Formic Acid is also known as Methanoic Acid, is a simple Carboxylic Acid the ants produce themselves. In addition to using it as a defense, ants can also weaponize formic acid for attacking.
Like a skunk, the acid can help upset predators, but ants can also use their acids to attack prey.
Ants are omnivores and opportunists. Some species, like leafcutters, cultivate mold or prefer vegetable matter, but they will still eat meat if they are hungry.
Why Do Ants Smell Like Chemicals When You Kill Them
Ants smell like chemicals when you kill them because they are leaking chemicals produced within their bodies. You can find a similar odor in rotting food as penicillin mold breaks it down.
While a single ant doesn’t have much of this odiferous fluid, it’s enough to bother even a human. Our noses aren’t exactly sensitive by the standards of the animal kingdom.
It doesn’t take much formic acid or methyl ketones to make a big stink. This concentrated potency is why it’s so effective for the ants as defense, attack, and a signal to others of their colony.
When you are tiny, it pays to create chemicals you don’t need in large quantities. Just as a baby scorpion has a more toxic sting, a small ant must use a concentrate to fight.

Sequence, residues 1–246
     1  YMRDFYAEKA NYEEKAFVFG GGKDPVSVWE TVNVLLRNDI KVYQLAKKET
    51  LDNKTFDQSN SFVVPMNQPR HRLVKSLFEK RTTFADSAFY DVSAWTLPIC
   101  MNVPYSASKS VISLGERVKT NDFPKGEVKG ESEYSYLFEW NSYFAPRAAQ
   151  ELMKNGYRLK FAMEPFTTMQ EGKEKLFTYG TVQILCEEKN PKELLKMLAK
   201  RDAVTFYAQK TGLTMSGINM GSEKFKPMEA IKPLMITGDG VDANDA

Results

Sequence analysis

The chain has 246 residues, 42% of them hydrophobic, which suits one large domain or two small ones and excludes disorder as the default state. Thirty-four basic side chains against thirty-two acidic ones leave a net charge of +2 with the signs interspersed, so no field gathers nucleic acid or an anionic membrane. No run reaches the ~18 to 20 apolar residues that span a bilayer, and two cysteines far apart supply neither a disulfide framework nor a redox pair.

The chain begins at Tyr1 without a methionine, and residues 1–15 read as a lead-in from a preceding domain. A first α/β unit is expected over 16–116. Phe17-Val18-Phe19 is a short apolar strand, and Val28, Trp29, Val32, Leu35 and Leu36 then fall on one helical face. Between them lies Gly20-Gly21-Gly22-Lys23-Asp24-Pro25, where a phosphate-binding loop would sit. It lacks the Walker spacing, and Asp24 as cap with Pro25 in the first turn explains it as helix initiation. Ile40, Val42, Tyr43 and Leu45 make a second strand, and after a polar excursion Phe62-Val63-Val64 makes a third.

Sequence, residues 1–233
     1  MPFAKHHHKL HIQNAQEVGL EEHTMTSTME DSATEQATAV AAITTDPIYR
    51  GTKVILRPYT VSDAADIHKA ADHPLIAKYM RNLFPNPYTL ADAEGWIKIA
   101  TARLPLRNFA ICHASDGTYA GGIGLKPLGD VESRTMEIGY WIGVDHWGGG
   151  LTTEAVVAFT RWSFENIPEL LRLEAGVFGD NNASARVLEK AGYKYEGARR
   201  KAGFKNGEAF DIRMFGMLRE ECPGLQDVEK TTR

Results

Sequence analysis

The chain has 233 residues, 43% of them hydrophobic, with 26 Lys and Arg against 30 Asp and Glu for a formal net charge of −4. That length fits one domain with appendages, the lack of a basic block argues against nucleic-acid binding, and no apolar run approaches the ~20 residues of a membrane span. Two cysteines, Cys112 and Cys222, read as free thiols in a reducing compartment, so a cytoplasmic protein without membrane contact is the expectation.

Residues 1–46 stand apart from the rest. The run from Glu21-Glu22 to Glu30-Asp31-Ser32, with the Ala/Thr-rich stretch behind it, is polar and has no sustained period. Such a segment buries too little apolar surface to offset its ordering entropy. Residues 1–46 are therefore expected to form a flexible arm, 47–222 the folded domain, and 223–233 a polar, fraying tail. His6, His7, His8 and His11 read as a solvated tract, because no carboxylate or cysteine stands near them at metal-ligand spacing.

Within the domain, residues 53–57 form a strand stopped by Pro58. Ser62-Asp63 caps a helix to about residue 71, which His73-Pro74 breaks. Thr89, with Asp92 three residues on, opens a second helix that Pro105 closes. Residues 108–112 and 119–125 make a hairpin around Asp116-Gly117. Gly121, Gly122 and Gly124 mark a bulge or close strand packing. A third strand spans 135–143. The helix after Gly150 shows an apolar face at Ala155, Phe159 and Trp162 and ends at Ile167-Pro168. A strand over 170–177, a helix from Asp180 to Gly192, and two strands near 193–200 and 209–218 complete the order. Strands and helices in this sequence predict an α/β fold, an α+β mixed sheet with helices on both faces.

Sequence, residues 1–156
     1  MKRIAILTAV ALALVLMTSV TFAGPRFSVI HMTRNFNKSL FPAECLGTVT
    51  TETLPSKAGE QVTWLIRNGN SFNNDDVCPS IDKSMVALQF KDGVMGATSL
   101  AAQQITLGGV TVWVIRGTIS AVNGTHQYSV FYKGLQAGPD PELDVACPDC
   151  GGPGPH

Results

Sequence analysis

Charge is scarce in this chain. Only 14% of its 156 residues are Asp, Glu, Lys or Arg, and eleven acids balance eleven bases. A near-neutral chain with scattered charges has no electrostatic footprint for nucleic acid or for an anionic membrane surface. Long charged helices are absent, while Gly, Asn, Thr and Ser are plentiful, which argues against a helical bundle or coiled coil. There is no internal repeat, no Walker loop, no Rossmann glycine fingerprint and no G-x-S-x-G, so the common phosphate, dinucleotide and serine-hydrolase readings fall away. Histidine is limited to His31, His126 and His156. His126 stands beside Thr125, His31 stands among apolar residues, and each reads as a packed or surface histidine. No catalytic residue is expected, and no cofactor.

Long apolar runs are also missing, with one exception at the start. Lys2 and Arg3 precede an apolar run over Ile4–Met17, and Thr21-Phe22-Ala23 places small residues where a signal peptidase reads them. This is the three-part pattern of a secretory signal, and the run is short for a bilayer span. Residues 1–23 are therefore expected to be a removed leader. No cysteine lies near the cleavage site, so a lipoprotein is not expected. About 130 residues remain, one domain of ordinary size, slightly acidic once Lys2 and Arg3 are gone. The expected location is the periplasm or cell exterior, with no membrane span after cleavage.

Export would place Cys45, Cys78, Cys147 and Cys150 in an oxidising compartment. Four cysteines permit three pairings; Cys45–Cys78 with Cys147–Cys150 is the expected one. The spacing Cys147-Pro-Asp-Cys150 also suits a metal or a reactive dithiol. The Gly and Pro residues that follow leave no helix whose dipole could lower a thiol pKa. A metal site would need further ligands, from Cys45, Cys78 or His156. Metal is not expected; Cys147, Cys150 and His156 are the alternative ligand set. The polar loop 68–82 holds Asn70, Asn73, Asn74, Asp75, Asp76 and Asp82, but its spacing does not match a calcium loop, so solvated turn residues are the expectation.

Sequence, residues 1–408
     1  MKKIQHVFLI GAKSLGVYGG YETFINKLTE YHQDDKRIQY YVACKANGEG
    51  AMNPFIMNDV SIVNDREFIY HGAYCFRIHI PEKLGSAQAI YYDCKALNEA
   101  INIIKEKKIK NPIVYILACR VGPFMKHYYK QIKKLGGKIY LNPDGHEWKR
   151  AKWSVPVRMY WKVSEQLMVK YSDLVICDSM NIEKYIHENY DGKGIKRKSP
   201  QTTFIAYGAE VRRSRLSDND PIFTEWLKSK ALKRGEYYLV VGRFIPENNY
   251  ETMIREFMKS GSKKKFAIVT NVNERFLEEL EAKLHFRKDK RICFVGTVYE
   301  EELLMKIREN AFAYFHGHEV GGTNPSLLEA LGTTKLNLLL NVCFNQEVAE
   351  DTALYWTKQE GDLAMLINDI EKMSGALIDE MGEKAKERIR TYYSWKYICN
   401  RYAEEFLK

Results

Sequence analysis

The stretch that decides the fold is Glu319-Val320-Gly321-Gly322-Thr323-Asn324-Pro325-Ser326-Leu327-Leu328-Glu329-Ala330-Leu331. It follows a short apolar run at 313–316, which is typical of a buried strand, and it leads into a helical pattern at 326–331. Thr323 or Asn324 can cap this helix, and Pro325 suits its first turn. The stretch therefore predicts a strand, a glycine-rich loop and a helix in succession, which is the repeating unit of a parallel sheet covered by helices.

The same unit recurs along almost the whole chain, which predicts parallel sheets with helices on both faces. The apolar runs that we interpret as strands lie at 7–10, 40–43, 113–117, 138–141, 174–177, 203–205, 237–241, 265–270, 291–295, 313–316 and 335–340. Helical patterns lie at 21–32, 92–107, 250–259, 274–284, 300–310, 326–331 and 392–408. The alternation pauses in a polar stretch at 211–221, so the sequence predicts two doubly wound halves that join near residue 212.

Larger ants have bigger pincers, and they can do more damage. Army ants are a great example of a bigger ant since they can get up to a half-inch long with huge mandibles.
They are rumored to eat much larger prey, and there’s anecdotal evidence that people could be on the menu, if only rarely.
Notably, there’s no information on this particular type being especially smelly if you crush it. There are two possible explanations for that.
First, army ants are nasty customers and will swarm if you mess with their colony. It’s possible that not many humans have crushed them, and those who have were in such pain afterward that they didn’t think about the smell.
Alternately, even at that size, ants are still fairly small. Army ants, like another famous large ant, the Bullet ant, may have put their evolutionary talent for chemical production into their venom.
Why Do Smashed Ants Smell Like Gasoline
Gasoline, like nail polish remover, is just another human interpretation of formic acid and methyl ketones. People aren’t great with their noses compared to many of our fellow inhabitants of the earth.
As a result, something a dog, cat, or ant can smell very distinctly and separate from other odors merely smells like whatever is vaguely similar to us.